The bells of Viana

The church bells are ringing at Santa Maria down the street. I’m in the Hostal with my foot up listening through the window to their chimes. It is not a sound you hear in the States. There are two sets of bells. The first set intones a solemn bong-bong and sounds like ones you’d here at any church but the second are playing a counter melody to one another as they ka-bing-ka-bong, pealing merrily in joyful phrases.

They are calling the people to pray the Rosary together. Afterwards, there will be a Mass. I just don’t have the energy tonight to sit in a cold dark church listening to a Spanish homily. I can’t stop myself from trying to translate. It makes me exhausted. So does the shivering.
The best Mass that I’ve gone to, so far, has been at the tiny restored medieval church in St Jean. It was in French. The priest prayed the Mass at the side altar. Even though the church was dark, I felt the light inside and it warmed me through. At the end of Mass, the priest called up all the pilgrims and made us stand in a semi circle for our blessing. 

I don’t need another blessing after that. All the rest of these Masses have all fallen flat by comparison, even the grandiose one with 5 priests at the Cathedral in Pamplona.  That older priest in St Jean may not have done the “exact” blessing that the RUBRICS prescribe but he did it from memory and with his whole heart. I did not see ennui in his eyes or a separateness that haunts old priests that want to retire. It seems to me that when day after day you bless pilgrims about to embark on a life changing experience, you have a choice to find joy or find something else to do.

The past few days have been tough treks. They weren’t particularly long (18-22km) but they have been very challenging to our souls. We have had to find our separate ways to find joy in the steps, even when our feet are screaming.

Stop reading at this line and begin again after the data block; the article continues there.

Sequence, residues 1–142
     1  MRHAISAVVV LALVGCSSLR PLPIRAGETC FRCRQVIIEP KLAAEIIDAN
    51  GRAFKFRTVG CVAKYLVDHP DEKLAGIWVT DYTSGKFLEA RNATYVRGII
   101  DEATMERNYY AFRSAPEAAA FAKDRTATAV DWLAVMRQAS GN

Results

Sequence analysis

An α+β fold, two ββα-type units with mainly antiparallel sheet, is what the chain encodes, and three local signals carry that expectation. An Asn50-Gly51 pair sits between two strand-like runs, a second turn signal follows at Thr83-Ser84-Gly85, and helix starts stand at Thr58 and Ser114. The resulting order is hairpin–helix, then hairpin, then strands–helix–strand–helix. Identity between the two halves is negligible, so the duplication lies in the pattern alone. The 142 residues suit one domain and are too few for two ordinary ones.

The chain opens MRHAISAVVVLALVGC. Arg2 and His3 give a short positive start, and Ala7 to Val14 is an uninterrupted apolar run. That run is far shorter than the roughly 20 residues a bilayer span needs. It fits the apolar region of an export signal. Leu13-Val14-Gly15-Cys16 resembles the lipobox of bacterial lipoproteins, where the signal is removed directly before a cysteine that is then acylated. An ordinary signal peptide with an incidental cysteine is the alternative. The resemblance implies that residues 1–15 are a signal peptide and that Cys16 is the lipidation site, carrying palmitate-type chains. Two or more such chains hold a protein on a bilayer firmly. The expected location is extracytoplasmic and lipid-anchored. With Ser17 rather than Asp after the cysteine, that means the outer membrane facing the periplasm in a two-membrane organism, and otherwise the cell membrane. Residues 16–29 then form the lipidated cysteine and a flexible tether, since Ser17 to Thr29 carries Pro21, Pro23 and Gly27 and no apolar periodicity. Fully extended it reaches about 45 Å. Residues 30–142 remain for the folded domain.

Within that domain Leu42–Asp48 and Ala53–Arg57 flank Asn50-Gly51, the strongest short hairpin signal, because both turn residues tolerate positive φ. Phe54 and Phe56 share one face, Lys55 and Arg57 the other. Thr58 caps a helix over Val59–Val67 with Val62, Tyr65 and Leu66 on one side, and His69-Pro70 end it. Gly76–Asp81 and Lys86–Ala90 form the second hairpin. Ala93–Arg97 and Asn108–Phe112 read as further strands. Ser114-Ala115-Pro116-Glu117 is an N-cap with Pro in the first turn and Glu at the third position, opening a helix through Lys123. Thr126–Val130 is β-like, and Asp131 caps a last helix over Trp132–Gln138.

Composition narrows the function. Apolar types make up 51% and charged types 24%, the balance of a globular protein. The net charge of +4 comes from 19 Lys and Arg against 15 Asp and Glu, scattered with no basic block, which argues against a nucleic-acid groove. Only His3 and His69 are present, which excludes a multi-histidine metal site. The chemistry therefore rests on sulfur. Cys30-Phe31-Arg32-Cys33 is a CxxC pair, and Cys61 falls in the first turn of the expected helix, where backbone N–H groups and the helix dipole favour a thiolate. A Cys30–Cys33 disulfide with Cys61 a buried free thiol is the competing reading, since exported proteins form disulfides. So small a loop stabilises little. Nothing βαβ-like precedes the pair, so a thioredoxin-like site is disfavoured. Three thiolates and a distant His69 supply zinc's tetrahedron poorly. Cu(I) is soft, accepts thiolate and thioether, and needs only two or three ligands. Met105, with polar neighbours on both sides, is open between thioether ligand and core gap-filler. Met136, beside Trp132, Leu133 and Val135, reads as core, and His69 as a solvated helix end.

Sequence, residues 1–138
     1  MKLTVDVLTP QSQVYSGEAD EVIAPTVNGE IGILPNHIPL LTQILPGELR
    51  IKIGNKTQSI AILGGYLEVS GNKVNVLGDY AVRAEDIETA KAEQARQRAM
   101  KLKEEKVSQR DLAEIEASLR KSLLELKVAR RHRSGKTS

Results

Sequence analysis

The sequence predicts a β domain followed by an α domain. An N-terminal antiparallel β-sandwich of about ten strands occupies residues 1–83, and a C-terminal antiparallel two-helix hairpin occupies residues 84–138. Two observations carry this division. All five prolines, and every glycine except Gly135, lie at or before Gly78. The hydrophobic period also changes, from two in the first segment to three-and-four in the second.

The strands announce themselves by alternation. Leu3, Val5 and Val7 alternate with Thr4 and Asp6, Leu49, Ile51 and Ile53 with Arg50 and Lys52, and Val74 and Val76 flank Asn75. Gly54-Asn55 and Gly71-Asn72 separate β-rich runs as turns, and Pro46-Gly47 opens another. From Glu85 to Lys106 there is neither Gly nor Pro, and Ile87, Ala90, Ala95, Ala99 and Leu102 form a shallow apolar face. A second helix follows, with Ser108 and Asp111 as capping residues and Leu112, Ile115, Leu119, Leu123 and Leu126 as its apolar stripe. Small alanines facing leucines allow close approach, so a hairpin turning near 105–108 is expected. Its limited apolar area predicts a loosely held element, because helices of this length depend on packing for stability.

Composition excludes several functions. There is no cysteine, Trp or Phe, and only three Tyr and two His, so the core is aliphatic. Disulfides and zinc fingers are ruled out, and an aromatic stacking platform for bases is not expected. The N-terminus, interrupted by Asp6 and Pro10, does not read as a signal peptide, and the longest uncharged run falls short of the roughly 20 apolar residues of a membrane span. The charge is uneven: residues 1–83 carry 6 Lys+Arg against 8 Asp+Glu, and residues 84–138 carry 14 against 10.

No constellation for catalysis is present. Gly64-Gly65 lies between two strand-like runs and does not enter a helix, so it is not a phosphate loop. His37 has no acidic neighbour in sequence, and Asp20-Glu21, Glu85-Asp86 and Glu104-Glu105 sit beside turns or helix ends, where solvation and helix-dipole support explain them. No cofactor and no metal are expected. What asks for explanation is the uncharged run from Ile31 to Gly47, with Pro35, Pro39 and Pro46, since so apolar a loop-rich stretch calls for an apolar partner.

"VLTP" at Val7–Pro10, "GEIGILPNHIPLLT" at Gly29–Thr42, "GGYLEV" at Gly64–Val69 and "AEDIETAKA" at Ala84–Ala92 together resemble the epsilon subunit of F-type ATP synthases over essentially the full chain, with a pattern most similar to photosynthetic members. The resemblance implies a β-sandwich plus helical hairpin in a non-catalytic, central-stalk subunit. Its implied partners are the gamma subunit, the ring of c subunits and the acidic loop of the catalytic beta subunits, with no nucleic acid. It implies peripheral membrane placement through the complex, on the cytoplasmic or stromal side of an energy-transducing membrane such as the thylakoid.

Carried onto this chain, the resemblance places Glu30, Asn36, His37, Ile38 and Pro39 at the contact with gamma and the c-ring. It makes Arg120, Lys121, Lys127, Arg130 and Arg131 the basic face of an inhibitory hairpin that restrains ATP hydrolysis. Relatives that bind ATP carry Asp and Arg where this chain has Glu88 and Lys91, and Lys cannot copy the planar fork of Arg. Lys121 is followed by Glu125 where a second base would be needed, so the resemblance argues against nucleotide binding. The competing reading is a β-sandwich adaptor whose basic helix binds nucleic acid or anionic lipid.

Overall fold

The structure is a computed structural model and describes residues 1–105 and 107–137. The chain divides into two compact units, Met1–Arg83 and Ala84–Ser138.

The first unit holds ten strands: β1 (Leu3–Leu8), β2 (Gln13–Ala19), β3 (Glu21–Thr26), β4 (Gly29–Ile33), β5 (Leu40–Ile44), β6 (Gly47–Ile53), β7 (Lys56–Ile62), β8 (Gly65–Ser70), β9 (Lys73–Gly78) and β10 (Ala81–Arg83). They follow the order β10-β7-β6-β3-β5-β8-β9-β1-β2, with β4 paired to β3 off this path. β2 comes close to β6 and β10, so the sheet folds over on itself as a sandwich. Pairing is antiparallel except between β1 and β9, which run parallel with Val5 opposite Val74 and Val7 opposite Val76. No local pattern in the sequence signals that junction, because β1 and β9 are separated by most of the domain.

The bells are ringing again. It’s been 12 minutes now since I started this post. It’s 7:42pm. 
Thom is going to the Pilgrim Mass tonight. For him, it’s right. For me? I find peace and God in the fields that we walk through. In the wild thyme that I rub on my hands, the honeybee that lit upon my coat as I sat in the sunshine in the plaza. That is my Camino. 
Yesterday, as we walked to Los Arcos was long, even though it was only about 22km. It was filled with silence. Thom is unpacking some hard stuff after the archdiocese rejected his application to the diaconate. As he admitted this to me, I reminded him that the Camino provides. And I no sooner said it when a friar, dressed in his brown robes, crested the hill in front of us and began walking towards us. It was Brother David of the Order of Pilgrim Friars*. 

The bells are ringing again. They sound round and ripe and ready to provide us with more spiritual food for our journey. 
One last time, each set of bells rings in the hour separately, 4 chimes each to total 8. And now it is quiet. 
*I think they are Unitarian and not sure how that works.